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Medical Examiner Releases a Cause of Death for Non-Binary Teen Nex Benedict

Nex Benedict is a non-binary teen. They have dark brown curly hair at chin length. They are wearing a black t-shirt and have their hands up in a peace sign.

Photo from them.com

*Content Warning: This article contains mentions of suicide and violence against LGBTQ+ youth. Please consider your mental health when deciding when and how to proceed with reading this article.


A cause of death has been released for Nex Benedict, a 16-year-old trans-nonbinary student from Owasso High School. Benedict’s case received widespread coverage as they died following an altercation involving other students in the high school bathroom. Benedict’s family and friends claim that classmates habitually bullied Benedict for their gender identity.


The Medical Examiner’s Report

On Wednesday, March 13, The Advocate reported that the Office of the Chief Medical Examiner in Oklahoma released a one-page autopsy summary report identifying Benedict’s cause of death as combined toxicity from diphenhydramine and fluoxetine. Diphenhydramine is more commonly known by its brand name, Benadryl. It’s a widely accessible medication often used to treat allergy symptoms. Fluoxetine is also more widely known by its brand name, Prozac. Fluoxetine is a prescription-only medication used to treat depression and anxiety disorders.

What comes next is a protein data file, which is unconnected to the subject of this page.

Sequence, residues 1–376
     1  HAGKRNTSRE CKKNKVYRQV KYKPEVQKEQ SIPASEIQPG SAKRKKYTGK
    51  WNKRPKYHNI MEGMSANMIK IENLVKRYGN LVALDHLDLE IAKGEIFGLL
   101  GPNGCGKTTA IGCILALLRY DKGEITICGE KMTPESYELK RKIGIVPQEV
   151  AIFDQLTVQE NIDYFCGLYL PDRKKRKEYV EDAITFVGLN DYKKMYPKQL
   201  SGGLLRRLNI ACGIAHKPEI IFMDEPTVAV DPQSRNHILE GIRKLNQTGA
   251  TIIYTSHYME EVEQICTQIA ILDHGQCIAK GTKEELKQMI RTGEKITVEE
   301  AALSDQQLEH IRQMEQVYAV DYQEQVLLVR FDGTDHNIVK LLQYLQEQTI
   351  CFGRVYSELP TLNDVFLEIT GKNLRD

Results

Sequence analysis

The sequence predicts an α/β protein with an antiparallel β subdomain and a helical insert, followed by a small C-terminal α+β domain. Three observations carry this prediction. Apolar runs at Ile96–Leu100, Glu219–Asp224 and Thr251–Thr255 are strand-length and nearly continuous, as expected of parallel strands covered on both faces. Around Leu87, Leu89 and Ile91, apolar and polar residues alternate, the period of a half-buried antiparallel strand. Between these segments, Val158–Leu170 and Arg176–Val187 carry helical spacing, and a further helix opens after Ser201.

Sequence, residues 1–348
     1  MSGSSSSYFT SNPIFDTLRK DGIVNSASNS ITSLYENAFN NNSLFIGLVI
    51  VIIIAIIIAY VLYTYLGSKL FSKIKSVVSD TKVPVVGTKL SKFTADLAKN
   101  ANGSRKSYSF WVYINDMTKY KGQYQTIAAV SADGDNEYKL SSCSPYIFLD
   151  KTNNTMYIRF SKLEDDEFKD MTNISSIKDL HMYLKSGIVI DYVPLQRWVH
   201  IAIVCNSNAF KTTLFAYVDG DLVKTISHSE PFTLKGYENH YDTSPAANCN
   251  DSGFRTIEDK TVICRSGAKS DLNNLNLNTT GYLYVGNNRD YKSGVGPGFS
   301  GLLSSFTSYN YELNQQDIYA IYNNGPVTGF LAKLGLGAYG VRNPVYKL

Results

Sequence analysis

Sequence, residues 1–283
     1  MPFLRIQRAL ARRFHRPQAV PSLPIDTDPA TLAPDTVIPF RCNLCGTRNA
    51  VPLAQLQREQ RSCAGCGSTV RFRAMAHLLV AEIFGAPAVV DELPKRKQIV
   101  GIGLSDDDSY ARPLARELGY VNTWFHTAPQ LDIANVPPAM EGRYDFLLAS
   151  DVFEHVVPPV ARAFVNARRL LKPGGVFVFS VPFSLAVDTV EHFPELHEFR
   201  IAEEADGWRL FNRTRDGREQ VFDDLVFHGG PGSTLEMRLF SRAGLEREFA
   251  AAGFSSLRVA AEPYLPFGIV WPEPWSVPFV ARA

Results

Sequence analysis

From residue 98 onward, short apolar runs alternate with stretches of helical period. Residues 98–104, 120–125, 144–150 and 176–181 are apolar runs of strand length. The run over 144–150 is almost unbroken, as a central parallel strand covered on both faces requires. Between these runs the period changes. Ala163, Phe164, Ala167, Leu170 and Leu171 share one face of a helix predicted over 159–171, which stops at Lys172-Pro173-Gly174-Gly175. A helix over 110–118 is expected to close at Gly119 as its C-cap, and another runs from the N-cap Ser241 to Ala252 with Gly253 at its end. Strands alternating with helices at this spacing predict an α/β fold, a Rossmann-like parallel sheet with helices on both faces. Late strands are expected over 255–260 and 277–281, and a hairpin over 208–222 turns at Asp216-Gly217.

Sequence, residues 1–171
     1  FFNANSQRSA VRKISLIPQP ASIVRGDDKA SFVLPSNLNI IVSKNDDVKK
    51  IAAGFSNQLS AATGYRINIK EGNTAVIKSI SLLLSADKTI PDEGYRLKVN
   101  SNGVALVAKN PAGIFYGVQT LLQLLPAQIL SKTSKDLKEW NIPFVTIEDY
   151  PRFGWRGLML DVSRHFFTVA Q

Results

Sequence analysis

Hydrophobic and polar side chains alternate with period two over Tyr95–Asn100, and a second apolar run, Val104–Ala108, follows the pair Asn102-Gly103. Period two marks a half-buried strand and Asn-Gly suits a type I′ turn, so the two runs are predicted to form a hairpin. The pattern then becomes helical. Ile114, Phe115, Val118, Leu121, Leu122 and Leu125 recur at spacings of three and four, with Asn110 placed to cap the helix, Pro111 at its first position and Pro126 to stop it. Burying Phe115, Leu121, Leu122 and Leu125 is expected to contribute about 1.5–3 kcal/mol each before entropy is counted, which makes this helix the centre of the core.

In the summary report, the medical examiner ruled the manner of death as suicide. They announced that a full report will be released on March 27.


A Plea for Transparency

On Thursday, Benedict’s family responded to the report with a statement released through their lawyer. The family urged the public to continue calling for justice for Benedict despite the “classification” of death. They say that the complete report will reveal that the injuries Benedict sustained during the assault were physically significant.